70 maps that explain America. By Max Fisher and Dylan Matthews on July 1, 2015 The United States of America is many things.
It is the world's most powerful country, and one of the largest. It has a history of political revolution and social progress, as well as a legacy of slavery and genocide. In one sense, mapping the United States should be a simple matter of displaying borders and geography. But America is a complex nation with a long and fascinating history that could never be captured in a single frame. 70 maps that explain America.
Lynchings by states and counties in the United States, 1900-1931 : (data from Research Department, Tuskegee Institute) ; cleartype county outline map of the United States. The maps in the Map Collections materials were either published prior to 1922, produced by the United States government, or both (see catalogue records that accompany each map for information regarding date of publication and source).
The Library of Congress is providing access to these materials for educational and research purposes and is not aware of any U.S. copyright protection (see Title 17 of the United States Code) or any other restrictions in the Map Collection materials. Note that the written permission of the copyright owners and/or other rights holders (such as publicity and/or privacy rights) is required for distribution, reproduction, or other use of protected items beyond that allowed by fair use or other statutory exemptions.
Responsibility for making an independent legal assessment of an item and securing any necessary permissions ultimately rests with persons desiring to use the item. Credit Line: Library of Congress, Geography and Map Division. How America became the most powerful country on Earth, in 11 maps. By Max Fisher on May 20, 2015 We take it for granted that the United States is the most powerful country on Earth today, and perhaps in human history.
The story of how that came to be is long, fascinating, complex — and often misunderstood. Scopes Trial - Day 7 - UMKC School of Law. "Read Your Bible" banner removed from courthouse Darrow--Your honor, before you send for the jury, I think it my duty to make this motion.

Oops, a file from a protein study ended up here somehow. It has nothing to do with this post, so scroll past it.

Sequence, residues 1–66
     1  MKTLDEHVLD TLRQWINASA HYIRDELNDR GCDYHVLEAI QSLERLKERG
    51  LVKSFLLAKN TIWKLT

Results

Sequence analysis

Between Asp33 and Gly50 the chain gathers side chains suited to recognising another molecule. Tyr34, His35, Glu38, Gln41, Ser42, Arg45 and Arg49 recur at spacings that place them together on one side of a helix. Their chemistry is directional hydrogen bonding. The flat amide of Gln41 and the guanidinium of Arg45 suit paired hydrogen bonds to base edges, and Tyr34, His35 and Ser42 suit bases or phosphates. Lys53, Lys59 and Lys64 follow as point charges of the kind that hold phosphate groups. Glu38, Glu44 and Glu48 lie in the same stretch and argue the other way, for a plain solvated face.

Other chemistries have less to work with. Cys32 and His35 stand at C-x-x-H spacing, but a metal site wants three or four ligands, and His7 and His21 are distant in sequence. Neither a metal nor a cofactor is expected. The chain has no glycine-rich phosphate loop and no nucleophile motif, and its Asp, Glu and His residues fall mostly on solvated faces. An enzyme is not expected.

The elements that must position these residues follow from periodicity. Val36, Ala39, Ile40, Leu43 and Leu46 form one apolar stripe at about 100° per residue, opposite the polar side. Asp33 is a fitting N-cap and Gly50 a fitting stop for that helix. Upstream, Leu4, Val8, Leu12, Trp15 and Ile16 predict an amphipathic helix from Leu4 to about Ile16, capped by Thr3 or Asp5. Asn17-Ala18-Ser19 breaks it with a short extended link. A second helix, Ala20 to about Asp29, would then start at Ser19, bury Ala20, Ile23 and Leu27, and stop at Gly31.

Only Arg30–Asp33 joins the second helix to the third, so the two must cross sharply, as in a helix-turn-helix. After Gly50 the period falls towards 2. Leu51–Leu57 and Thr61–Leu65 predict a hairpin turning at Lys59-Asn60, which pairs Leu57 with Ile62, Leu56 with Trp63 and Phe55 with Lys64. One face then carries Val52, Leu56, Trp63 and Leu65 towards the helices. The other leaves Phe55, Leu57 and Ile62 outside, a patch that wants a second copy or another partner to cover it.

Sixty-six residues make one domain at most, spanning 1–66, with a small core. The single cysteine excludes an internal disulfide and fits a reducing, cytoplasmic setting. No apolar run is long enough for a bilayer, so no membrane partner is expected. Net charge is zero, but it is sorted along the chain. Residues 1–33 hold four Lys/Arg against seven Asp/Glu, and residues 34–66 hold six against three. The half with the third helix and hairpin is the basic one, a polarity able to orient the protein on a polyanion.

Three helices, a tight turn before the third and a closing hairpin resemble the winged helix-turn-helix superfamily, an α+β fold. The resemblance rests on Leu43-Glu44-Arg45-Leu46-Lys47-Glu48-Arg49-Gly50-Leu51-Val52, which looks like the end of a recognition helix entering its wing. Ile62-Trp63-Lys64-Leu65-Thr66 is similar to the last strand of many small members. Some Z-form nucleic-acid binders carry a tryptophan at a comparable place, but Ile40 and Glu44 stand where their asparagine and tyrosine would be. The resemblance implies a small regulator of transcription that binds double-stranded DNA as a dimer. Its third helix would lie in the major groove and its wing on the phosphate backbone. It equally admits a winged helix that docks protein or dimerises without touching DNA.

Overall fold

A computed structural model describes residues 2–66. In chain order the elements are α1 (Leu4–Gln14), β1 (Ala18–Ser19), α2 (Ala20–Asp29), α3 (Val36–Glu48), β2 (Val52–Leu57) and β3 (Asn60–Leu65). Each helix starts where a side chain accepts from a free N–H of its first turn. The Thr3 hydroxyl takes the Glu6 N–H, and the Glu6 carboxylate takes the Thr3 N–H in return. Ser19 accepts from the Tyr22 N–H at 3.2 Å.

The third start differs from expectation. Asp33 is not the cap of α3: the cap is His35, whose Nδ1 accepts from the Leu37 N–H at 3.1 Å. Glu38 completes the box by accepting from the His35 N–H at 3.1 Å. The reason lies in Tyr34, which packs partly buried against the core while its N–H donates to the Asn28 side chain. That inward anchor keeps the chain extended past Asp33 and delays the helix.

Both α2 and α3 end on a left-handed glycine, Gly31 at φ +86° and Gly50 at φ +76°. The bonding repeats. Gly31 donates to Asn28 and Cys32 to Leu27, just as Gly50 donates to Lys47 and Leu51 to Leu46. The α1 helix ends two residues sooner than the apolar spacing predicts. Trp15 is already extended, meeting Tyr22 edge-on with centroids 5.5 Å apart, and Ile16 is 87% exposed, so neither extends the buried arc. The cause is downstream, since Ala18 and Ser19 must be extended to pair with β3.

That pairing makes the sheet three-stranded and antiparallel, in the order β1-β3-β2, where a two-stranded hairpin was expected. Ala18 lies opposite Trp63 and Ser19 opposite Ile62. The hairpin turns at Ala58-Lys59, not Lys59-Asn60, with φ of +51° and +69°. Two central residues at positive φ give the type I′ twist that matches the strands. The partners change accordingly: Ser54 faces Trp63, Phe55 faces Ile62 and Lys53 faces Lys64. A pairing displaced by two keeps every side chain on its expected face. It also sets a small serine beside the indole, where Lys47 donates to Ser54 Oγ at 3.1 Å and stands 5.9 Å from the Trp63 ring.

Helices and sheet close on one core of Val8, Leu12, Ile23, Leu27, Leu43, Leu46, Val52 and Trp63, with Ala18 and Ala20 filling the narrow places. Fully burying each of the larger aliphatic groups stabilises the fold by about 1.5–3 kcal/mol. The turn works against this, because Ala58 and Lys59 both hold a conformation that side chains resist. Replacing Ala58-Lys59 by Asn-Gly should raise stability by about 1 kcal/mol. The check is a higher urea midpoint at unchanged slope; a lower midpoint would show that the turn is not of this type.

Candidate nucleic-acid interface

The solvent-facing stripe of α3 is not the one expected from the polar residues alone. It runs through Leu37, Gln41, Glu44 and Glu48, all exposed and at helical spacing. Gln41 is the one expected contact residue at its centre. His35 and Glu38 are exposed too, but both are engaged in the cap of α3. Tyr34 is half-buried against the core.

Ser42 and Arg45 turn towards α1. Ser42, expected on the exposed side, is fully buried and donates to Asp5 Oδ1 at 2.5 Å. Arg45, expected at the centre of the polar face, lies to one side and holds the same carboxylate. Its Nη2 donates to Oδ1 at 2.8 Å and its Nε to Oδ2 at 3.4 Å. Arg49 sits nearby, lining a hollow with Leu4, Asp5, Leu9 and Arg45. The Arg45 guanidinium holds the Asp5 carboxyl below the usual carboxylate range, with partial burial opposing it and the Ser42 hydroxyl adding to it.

Off to the left of where the jury sits a little bit and about ten feet in front of them is a large sign about ten feet long reading. "Read Your Bible," and a hand pointing to it. The word "Bible" is in large letters, perhaps, a foot and a half long, and the printing-- The Court--Hardly that long I think, general. Darrow--What is that? Beyond the Bubble. Founders' Constitution. Gerrymandering Explained. The Progressive Presidents - AP U.S. History Topic Outlines. Roosevelt’s Square Deal At the dawn of the twentieth century, America was at a crossroads.
Presented with abundant opportunity, but also hindered by significant internal and external problems, the country was seeking leaders who could provide a new direction. Makers: Women Who Make America. Apr 25, 2014 Updated: 5:30 PM Get free updates |About WGBH Forgot password News Food & Wine Home & Travel Classical Music Arts Kids Science History.
United States Elections Project. Last Updated: 3/25/2013 Please see the FAQ for information on the construction of these statistics.
The demoninator data reflect the July 1, 2010 and July 1, 2011 voting-age population estimates extrapolated to Nov. 2012, non-citizen estimates from the 2011 American Community Survey , the year-end 2010 DOJ prison report and the year-end 2010 DOJ probation and parole report . Starting in 2010, I report the actual number of felons on probation with no estimated adjustment.
Note, a '0' indicates that either a state does not disfranchise a class of felons or the state does not incarcerate felons within their borders. Capitalism A Love Story 1. Election maps. Email: Thanks to everyone who wrote in about the maps.
I've received so much email that I may not be able to reply to everyone, but I much appreciate all your comments and suggestions. Many of the things people have been asking about are answered in this list of frequently asked questions. Election results by state. Timeline: The Long History of Voter Suppression. Primary Source Documents. Primary Source Documents Pertaining to Early American History. American Revolution: Boston Tea Party - Eyewitness Account. Coming of the American Revolution: First Continental Congress. News of the Coercive Acts arrives in the colonies in the spring of 1774.